The White House preempted Congress today, saying the President would veto any potential bill that attempts to approve the controversial Keystone XL pipeline. That legislation was tapped by Mitch McConnell as the top priority for the new GOP-controlled Senate, which looks to have 63 votes in favor of the project—above the 60 needed to circumvent any filibuster by the Democrats, but well short of the 67 required to override Obama’s veto. The House has passed similar legislation in the past, and with the Senate looking to open discussion on the bill later this week, Obama seems to be strongly signaling that their efforts will be in vain.This doesn’t exhaust Congress’s options for pushing the Keystone issue, though, as Reuters reports:
If [President Obama] rejects this bill, Keystone backers will attempt to attach the measure to wider legislation Obama could find harder to veto, perhaps legislation on energy efficiency, exporting natural gas, or on appropriations.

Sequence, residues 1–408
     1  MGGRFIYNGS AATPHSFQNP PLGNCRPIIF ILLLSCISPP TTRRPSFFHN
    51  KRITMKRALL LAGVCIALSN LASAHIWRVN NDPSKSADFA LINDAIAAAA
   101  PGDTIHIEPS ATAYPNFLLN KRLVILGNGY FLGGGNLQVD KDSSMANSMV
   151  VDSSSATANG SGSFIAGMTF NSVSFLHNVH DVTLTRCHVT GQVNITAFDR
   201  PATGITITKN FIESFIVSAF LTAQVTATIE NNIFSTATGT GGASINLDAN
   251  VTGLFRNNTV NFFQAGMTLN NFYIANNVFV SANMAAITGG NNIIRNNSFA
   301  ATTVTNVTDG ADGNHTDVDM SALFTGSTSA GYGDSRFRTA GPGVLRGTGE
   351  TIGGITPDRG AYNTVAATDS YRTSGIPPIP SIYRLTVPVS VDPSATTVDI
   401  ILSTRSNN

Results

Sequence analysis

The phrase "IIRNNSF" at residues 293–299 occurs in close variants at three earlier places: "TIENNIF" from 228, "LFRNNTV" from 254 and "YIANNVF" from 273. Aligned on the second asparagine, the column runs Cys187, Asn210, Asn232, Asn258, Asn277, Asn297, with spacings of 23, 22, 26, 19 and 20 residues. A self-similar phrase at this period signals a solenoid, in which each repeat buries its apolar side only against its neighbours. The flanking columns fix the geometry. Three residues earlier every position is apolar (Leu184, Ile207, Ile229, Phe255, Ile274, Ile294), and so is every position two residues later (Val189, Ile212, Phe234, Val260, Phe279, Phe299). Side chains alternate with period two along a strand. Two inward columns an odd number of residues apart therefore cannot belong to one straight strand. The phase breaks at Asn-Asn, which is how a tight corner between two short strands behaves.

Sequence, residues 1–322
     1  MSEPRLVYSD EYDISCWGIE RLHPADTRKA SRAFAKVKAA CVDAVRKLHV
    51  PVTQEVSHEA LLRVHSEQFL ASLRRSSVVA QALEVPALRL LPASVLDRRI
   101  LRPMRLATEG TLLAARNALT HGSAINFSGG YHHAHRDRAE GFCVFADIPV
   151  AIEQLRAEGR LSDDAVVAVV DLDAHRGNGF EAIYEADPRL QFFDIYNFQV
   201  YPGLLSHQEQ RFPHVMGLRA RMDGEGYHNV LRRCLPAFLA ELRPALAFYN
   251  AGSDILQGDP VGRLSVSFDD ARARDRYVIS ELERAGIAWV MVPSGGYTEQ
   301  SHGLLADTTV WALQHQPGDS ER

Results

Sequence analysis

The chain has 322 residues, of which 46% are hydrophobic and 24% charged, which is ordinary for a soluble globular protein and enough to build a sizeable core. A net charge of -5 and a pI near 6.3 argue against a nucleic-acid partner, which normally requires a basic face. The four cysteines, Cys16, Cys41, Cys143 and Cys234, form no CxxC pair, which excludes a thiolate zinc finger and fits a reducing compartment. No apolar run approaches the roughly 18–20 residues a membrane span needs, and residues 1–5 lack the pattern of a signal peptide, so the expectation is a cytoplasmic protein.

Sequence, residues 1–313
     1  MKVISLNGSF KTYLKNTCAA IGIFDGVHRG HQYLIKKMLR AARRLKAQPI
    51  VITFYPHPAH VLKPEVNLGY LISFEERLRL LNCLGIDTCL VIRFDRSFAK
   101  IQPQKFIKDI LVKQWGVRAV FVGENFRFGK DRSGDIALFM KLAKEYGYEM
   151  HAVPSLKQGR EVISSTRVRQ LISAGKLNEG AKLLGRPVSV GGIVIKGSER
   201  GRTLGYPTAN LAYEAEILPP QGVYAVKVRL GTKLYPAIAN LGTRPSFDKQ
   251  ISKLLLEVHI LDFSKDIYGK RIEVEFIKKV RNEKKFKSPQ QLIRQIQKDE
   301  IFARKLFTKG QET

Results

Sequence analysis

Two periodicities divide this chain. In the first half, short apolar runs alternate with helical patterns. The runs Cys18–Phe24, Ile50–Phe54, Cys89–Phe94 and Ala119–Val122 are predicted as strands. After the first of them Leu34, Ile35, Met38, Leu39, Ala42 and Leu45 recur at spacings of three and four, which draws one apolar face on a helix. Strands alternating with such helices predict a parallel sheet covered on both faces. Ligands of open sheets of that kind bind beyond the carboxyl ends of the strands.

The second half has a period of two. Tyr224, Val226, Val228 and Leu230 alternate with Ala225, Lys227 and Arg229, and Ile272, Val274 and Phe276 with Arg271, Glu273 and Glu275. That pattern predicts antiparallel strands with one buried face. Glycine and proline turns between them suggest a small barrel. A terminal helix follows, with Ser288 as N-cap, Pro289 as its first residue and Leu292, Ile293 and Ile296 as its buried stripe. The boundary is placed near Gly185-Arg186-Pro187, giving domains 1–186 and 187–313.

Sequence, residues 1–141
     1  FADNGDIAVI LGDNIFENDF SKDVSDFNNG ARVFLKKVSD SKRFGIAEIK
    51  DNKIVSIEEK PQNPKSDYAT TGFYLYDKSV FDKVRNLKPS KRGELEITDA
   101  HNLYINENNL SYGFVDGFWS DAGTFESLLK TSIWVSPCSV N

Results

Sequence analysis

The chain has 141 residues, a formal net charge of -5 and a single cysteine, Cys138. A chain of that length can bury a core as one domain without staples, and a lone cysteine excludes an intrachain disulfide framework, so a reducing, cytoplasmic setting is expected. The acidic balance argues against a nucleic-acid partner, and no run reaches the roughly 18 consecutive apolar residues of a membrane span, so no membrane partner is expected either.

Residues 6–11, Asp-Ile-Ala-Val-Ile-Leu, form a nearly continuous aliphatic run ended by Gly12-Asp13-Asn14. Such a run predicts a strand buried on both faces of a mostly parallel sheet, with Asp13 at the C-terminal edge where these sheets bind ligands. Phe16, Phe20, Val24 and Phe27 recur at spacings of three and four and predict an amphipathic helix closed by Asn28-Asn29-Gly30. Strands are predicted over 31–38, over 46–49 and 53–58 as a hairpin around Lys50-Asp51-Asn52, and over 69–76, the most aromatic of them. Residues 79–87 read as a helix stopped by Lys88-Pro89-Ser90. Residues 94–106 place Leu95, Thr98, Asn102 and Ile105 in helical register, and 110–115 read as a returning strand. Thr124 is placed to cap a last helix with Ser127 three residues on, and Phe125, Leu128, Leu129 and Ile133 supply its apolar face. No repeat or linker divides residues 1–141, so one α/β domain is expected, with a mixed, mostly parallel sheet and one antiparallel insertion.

The President has long insisted that the pipeline was a State Department matter, and has effectively used that approval process to punt on the issue for six years running now. Obama appears to be torn between the facts of the case—that the pipeline itself is just a conduit for crude, and as such has no effect on global emissions—and the optics of it all, which in recent years have veered farther and farther away from these aforementioned facts. Greens have made Keystone their marquee issue, and the President is wary of polluting his environmental legacy in his last years in office. If he had his druthers, we don’t doubt Obama would love to kick the Keystone can down the road all the way to his successor.But it looks like Congress is going to force his hand, and as the President’s excuses for delaying continue to evaporate, it looks like he’ll soon have to make a decision. Unfortunately, it increasingly looks like that choice will be a political rather than a rational one based on the merits.